The United Methodist Church wanted to make it easier for its members to give, but the firm it enlisted to help is just taking, according to a suit filed in federal court.
The General Council on Finance and Administration of the UMC is claiming that a company selected to create an online donations portal has breached its contract with the church and is now squatting on a domain name and using the UMC's name and logo illegally.
In 2012, the GCFA signed an agreement with Foundation Automation and Zebraplace to develop what would be called UMCMarket, through which Methodists would be able to donated to the church and its various arms while making purchases through online retailers such as Amazon. As part of the agreement, Foundation Automation was to pay the GCFA $100,000 on a payment schedule through the beginning of 2015 and Zebraplace would pay an annual royalty fee of 10 percent. In exchange, the companies would be recognized by the denomination as "Strategic Partners."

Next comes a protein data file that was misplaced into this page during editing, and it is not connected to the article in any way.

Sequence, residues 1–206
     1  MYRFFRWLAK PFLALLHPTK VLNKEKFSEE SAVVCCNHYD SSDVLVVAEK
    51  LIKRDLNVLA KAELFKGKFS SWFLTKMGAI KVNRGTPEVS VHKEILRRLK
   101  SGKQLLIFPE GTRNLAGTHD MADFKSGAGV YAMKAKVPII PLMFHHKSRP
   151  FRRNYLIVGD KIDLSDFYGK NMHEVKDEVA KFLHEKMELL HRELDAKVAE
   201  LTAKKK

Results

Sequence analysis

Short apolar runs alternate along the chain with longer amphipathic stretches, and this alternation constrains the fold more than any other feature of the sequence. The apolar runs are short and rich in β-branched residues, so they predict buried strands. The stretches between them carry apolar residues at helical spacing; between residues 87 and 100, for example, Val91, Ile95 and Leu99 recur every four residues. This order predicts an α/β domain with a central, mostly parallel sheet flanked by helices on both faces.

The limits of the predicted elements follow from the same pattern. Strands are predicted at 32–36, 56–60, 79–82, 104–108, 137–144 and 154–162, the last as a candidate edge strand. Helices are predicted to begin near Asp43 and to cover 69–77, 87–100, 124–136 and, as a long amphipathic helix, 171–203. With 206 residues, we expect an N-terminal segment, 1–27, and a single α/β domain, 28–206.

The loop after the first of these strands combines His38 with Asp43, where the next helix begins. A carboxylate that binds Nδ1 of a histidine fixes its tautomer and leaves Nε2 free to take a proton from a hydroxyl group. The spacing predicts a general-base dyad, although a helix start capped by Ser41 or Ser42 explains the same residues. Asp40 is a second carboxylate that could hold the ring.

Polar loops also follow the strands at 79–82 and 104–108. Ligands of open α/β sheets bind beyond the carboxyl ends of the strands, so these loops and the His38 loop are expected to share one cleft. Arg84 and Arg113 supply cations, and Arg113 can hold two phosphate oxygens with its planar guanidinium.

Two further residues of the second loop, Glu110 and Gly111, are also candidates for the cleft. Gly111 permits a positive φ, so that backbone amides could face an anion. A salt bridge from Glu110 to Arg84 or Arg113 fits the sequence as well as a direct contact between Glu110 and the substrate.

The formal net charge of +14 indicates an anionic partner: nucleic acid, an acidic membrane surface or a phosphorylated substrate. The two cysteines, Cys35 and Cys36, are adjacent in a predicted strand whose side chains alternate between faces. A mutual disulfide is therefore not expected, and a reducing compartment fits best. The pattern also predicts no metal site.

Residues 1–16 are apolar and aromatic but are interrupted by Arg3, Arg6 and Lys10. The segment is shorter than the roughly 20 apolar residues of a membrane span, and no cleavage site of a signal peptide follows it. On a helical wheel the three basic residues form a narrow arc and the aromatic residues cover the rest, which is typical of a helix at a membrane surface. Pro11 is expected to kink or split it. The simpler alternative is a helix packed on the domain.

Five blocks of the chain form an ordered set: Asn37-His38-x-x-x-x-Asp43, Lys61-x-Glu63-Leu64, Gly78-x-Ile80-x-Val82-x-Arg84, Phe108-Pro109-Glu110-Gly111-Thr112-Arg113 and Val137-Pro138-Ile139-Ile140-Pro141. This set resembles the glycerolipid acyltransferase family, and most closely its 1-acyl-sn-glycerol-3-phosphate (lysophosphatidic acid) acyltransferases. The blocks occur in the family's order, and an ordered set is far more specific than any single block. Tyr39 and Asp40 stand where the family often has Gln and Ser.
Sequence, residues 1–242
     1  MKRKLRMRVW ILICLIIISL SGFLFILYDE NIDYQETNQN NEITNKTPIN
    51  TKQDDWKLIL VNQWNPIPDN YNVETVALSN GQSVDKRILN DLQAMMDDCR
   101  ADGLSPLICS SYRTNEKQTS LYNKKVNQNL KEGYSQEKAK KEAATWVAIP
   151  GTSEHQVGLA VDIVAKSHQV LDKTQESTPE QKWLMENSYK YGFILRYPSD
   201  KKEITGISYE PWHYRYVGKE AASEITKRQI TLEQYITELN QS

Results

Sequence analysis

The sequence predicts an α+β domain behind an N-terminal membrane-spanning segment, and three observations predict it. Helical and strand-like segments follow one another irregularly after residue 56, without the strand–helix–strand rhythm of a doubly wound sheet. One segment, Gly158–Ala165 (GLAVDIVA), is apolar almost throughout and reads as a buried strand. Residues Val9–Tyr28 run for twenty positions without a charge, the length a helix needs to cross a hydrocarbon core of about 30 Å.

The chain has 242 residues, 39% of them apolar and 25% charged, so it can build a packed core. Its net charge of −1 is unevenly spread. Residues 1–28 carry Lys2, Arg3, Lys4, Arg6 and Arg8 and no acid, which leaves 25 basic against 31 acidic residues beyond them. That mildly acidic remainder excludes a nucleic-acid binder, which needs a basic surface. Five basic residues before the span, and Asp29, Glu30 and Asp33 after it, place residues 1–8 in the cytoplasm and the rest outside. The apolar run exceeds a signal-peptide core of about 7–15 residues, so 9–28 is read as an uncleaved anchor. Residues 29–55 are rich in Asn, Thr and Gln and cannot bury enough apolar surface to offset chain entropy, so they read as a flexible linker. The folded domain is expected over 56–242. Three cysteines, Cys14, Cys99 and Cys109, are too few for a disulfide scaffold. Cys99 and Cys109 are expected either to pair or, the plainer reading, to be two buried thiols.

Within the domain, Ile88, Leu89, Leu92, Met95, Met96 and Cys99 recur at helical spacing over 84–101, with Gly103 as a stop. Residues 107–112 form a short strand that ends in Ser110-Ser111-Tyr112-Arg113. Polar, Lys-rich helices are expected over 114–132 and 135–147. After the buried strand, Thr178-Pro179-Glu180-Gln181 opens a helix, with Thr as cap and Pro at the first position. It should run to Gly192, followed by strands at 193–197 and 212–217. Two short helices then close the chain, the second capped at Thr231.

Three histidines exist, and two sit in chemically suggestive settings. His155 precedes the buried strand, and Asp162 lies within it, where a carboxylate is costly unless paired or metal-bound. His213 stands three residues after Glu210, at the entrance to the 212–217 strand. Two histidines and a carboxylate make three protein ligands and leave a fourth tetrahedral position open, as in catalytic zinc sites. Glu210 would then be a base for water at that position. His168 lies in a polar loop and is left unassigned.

The web portal launched successfully in 2013 and Foundation Automation made its initial $5,000 payment; however, according to suit, it has made no subsequent payments. In February, the GCFA gave notice it was terminating the agreement.
Users who attempt to visit UMCMarket.org are told the site is down for maintenance, but the church alleges that is false. The platform itself — owned by Zebraplace — is functional and, according to the suit, access to the platform is being blocked by Foundation Automation, which owns the domain name.
The church says because it exercised its termination rights, it also terminated Foundation Automation's right to use certain trademarks — among them "UMC" and the church's cross and flame logo.
The church is seeking undisclosed damages and findings for breach, tortious interference, trademark infringement and dilution, violation of the Anticybersquatting Act and deceptive trade practices.
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